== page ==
We continue our Friday round-up of what is newest, best and brightest at FindLaw.com. Below, you will find this week’s offerings from various areas of FindLaw’s unique content, including: core legal content, Writ legal commentary, blogs, news and case law. Take a look at what’s next:
Consumer Legal Content:
- Virtual Visitation: Learn About the Law discusses how, under new child custody laws, “virtual visitation” may be changing the way children and divorced parents communicate. Read more regarding how a video phone, webcam, or computer software application might change the legal landscape in family courts across the country.
- A Viewer’s Guide to the Ninth Circuit Oral Argument in the Proposition 8 Case: Although the complex legal issues of the Proposition 8 case have been already discussed in depth, Writ contributor and Cornell law professor Michael Dorf provides a fresh look and a guide to the oral arguments that have just taken place before the 9th Circuit Court of Appeals. Dorf lays out the key issues the judges raised during arguments and that may form the basis for their upcoming decision.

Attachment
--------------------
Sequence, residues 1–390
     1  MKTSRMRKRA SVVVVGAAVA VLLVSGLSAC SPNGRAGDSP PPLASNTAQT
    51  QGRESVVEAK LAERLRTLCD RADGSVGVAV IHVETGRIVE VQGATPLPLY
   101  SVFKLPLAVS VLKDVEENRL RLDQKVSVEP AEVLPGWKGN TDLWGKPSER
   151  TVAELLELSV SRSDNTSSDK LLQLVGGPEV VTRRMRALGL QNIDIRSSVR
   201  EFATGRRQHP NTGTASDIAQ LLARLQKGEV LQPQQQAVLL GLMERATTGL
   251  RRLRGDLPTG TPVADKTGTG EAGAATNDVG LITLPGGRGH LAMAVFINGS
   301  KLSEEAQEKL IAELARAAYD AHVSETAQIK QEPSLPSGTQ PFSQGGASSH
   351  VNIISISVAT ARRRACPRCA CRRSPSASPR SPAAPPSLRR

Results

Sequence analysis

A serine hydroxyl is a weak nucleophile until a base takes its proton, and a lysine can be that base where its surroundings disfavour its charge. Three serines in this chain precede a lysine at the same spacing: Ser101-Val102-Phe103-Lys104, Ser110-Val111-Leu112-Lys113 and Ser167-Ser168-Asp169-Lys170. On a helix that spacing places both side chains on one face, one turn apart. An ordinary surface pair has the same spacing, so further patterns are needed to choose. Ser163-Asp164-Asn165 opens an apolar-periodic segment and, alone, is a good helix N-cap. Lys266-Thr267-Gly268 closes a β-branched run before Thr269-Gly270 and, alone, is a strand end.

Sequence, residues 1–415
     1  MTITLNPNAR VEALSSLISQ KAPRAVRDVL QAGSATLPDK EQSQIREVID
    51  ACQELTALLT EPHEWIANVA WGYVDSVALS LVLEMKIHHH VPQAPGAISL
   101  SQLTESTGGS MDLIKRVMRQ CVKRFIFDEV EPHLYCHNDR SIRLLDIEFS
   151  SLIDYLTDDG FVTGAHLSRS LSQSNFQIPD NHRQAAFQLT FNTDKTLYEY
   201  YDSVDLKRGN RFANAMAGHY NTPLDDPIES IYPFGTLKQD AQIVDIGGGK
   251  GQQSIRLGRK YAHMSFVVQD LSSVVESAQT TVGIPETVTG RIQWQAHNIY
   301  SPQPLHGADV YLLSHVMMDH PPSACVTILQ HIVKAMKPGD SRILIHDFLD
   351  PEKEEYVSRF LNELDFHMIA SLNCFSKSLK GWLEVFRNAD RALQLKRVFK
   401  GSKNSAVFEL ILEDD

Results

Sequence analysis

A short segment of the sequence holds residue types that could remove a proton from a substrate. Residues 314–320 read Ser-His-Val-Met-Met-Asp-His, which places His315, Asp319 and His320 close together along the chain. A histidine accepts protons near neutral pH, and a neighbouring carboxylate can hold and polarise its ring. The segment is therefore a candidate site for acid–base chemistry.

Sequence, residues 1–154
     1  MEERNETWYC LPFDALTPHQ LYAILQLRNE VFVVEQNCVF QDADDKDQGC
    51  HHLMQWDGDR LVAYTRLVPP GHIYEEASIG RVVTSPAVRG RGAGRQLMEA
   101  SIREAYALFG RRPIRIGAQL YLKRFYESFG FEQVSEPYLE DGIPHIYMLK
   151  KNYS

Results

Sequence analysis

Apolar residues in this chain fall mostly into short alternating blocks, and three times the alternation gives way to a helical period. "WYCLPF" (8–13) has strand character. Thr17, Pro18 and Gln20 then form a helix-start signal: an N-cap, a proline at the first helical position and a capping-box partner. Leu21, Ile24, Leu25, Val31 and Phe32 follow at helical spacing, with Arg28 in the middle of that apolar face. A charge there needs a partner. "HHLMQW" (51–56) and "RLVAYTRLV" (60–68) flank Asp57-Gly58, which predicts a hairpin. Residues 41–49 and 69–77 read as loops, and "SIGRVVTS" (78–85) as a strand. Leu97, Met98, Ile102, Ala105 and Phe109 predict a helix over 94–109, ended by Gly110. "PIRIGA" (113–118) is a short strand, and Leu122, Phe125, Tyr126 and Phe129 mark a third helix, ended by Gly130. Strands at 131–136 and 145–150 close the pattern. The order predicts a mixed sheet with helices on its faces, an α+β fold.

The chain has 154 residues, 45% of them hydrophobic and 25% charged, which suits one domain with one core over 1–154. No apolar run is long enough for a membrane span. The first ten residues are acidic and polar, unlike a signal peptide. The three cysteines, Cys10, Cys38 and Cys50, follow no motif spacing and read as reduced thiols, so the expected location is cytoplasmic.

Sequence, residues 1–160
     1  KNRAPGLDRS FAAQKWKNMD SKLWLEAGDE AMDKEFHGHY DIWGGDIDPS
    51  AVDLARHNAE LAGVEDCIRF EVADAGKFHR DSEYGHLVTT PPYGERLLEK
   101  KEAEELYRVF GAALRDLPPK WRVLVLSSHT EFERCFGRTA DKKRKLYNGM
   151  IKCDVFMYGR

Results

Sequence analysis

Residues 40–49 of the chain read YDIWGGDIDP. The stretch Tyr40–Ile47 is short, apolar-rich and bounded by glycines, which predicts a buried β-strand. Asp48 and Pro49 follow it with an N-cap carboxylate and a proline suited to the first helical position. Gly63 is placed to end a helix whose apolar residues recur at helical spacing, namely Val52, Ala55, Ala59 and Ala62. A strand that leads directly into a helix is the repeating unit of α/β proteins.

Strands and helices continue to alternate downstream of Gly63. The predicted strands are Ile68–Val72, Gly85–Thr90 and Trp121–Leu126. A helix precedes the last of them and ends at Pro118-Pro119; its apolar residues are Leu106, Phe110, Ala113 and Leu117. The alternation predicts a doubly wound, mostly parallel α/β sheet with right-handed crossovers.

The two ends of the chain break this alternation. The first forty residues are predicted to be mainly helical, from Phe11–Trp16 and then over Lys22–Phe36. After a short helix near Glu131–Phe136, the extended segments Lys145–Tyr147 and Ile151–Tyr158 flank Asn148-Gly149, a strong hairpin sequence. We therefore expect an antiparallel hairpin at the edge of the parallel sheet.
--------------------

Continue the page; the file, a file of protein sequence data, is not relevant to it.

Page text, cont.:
- WikiLeaks: For Better or Worse — or Both?: Writ contributor and former Counsel to the President John Dean uses his extensive background dealing with issues of government secrecy to discuss the ongoing case of WikiLeaks and the charges against its founder, Julian Assange. Dean lifts the veil on what may be both beneficial and harmful about WikiLeaks and they way they operate to expose government secrets.
- ‘Obamacare’ Unconstitutional? Judge Slaps Down Healthcare Law: FindLaw’s Decided takes note of the first court decision to find parts of the Healthcare Reform Act unconstitutional. Find out more about the decision from Virginia federal judge Henry Hudson finding Congress exceeded its powers under the Commerce Clause in passing parts of healthcare reform.
- Discharged Gay Vets Sue For Reinstatement: FindLaw’s Law and Daily Life explains the newest case filed over the military’s don’t ask don’t tell law. This post discusses the case and why it may or may not go forward in time to make a difference in the law.
— Compiled by Tanya Roth, FindLaw Portal Team